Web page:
Insurance excess costs rising
Insurance companies are increasing the amount customers have to pay when they make a claim, according to figures obtained by the BBC.
The research by analysts Defaqto shows the average cost of the policy 'excess' has risen sharply since 2008.
It reveals that an increasing number of travel insurers are charging the excess several times on a single claim.
The Association of British Insurers (ABI) says policy excess fees keep premiums lower.
The independent financial research company studied the excesses charged on standard travel, motor, buildings and contents insurance policies since 2008.
The price trend is upwards for all of them.
For example, in 2008, a quarter of car insurance policies had an excess of more than £75 for replacing the windscreen. Now almost half do.
And half of home insurance policies have a standard excess of £100 or more - it used to be just less than a third.
Applying an excess is a way of keeping insurance premiums affordable, according to Nick Starling, director of general insurance at the ABI.
"It's a way of keeping prices lower than they otherwise would have been - particularly in areas like motor insurance, where we know there have been large increases," he said.
All in the small print
Consumers should take the time to think about the detail of a policy before they buy, he added.
But it is the premium price that consumers tend to focus on, and this could be an expensive mistake, according to Mike Powell, insurance analyst with Defaqto.
"The price comparison websites have come along and educated the consumer that price seems to be the most important factor when it really isn't," he said.
"You need to know what the excess levels are because, when it comes to a claims stage, if you don't understand that you've got, for example, a £250 excess, that would be a lot of money to find."
The Financial Ombudsman Service (FOS) says it gets hundreds of complaints about excess charges every year.
And often they relate to several excess charges being applied to a single claim.
One of the more unusual cases involved an insurer, which received a claim from a man whose shed had been damaged by a woodpecker.
The insurer said it would deduct an excess for each hole the woodpecker had made.
This was on the basis that each hole was a separate incident and therefore the excess applied to each hole, said David Cresswell from the FOS.
"There were 150 holes. So obviously we decided this was a nonsense," he said.
"There was no money left under the insurance claim after the excesses were applied. We simply decided that was unfair."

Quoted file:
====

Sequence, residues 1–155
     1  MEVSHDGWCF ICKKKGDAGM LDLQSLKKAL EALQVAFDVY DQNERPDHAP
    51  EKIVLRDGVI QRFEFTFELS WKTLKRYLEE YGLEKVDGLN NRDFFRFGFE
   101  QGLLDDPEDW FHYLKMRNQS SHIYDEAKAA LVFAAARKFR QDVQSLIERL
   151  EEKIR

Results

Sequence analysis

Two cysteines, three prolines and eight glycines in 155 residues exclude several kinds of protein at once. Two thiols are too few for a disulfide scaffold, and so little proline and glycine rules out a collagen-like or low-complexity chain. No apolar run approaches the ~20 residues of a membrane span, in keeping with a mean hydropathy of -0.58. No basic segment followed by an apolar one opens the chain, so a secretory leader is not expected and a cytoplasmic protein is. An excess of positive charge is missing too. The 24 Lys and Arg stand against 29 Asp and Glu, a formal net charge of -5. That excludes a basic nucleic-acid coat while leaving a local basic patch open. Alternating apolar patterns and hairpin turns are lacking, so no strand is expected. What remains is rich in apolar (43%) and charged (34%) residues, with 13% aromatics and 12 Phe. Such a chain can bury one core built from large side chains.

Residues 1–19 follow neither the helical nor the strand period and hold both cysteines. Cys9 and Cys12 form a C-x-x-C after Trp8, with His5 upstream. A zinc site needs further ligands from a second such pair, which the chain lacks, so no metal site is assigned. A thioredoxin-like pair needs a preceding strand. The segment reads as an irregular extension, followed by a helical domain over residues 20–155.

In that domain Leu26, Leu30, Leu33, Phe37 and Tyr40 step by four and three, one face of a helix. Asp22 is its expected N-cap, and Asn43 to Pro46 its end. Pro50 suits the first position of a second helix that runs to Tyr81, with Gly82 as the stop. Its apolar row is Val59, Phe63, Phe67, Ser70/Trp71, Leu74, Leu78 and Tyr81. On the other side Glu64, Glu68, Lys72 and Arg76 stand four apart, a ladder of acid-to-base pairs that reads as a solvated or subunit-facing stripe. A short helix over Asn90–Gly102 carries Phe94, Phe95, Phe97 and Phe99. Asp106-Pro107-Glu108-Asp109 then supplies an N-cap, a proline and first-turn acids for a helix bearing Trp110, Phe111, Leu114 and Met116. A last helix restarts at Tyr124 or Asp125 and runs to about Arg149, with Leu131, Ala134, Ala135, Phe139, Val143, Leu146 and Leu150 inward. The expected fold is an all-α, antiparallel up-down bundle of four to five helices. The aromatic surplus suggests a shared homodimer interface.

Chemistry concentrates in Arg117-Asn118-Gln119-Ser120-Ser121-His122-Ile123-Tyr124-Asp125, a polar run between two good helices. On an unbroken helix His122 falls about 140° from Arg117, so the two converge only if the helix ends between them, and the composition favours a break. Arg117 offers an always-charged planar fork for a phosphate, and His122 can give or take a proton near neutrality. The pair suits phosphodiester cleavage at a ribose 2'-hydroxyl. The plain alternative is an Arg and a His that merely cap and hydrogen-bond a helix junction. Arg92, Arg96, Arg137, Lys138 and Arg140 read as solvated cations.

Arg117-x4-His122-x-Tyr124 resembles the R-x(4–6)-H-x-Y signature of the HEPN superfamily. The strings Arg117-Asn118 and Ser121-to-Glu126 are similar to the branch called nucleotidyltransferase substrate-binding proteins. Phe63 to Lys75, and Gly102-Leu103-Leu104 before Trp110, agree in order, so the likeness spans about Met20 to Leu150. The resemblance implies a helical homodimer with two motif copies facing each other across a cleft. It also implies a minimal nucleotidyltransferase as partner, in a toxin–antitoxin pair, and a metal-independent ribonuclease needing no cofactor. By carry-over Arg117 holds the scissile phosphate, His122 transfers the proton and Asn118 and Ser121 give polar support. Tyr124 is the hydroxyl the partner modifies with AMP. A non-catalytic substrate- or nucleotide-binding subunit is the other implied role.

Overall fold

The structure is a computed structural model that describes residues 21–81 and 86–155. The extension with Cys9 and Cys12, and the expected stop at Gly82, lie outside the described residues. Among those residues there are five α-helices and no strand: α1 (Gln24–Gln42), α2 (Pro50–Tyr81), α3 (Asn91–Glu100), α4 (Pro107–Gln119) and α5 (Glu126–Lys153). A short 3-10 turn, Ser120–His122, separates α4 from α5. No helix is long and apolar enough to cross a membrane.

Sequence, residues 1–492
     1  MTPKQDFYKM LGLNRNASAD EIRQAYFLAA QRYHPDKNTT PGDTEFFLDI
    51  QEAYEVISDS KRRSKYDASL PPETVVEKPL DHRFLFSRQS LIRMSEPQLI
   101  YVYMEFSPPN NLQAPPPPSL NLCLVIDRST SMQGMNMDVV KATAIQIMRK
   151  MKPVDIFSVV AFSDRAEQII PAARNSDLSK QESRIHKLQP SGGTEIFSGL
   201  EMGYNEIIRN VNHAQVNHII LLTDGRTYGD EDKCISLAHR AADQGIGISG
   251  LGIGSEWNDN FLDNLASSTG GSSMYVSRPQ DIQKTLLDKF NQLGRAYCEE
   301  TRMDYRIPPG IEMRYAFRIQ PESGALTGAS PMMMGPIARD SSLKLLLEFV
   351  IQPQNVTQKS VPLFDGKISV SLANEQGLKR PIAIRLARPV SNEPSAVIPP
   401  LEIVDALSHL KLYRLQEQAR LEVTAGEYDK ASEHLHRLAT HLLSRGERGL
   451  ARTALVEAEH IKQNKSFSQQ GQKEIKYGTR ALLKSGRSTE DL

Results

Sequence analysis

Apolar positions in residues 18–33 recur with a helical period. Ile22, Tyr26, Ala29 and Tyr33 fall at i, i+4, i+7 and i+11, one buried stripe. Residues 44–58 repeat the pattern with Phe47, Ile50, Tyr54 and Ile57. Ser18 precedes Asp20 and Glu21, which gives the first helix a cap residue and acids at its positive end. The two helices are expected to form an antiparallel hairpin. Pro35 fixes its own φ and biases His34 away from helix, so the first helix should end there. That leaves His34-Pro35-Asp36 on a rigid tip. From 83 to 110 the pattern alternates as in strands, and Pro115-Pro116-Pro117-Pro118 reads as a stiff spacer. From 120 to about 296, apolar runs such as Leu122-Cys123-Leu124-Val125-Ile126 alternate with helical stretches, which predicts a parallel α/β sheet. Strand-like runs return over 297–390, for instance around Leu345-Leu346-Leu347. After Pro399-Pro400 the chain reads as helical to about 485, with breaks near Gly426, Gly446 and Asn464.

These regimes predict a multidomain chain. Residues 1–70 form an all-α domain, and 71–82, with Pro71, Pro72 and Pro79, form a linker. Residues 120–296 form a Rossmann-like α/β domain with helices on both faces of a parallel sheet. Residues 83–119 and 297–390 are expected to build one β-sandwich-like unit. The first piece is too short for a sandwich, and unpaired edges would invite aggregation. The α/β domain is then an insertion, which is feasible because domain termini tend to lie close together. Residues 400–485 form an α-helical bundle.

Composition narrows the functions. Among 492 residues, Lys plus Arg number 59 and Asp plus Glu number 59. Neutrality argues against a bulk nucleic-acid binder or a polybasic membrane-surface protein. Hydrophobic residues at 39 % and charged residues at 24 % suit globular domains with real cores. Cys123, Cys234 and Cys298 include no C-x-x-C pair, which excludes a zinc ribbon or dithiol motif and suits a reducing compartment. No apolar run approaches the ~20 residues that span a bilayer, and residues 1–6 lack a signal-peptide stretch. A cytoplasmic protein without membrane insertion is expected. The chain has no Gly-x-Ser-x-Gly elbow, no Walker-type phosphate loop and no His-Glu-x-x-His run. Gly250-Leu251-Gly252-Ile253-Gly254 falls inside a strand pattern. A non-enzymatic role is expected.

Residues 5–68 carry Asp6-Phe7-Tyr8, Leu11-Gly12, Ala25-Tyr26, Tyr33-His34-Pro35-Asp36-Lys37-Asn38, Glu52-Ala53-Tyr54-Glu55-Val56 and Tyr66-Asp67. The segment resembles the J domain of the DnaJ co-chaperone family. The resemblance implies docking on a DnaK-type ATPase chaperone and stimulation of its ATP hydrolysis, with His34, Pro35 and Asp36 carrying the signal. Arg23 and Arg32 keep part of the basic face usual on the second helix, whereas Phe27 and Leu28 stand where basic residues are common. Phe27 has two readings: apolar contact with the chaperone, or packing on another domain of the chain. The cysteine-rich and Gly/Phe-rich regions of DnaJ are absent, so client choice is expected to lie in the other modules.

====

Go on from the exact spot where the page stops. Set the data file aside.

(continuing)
This was not a typical case, but the Ombudsman has upheld other complaints about multiple excesses unfairly being applied on one claim.
It recently upheld the complaint of a family of four who lost their two suitcases on holiday, and tried to make a claim on their travel policy.
The insurer then charged an excess four times - for each person. But as two of the family members were under 10 years old, the Ombudsman found that was unreasonable. In the end just two excess charges were applied.
But multiple excesses are increasingly a part of the travel insurance world, in particular.
The figures from Defaqto show that most policies apply a separate excess charge for items or incidents covered by different sections of your policy.
And what this can mean for the cost of a single claim could take people by surprise, according to Graham Trudgill from the British Insurance Brokers Association.
If someone were injured in a mugging while on holiday, and had their suitcase stolen, the excess to pay could amount to hundreds of pounds, he said.
"In that bag they might have their money, their passport, a camera. So, on the policy, five different sections are going to respond here. You've got your medical expenses, your baggage, your money, your passport and your valuables."
He said one popular policy he looked at, which is sold at a low premium, would apply a £75 pound excess to each of those five sections.
"That means you would not be able to claim for £375," he said. He compared that to another policy that would charge just a single excess of £40 for the same incident.
The majority of travel insurers apply excess by policy 'section' in this way - and the number is growing, according to the figures from Defaqto.
The research reveals 78% of annual policies and 83% of single trip policies apply excesses per section, compared to 67% and 73%, three years ago.
The trend partly reflects the fact that travel insurance covers a lot of very different potential claims, according to Mr Starling. He said that while claims for lost possessions can amount to payouts of hundreds of pounds, emergency medical treatment can cost insurers thousands of pounds.
Radio 4's Money Box knows of 17 providers who have travel policies that apply only a single excess for a single claim. Among the better known are AgeUK, Churchill, HSBC, Marks and Spencer, and Yorkshire Bank.
BBC Radio 4's Money Box is broadcast on Saturdays at 1204 BST, and repeated on Sundays at 2100 BST.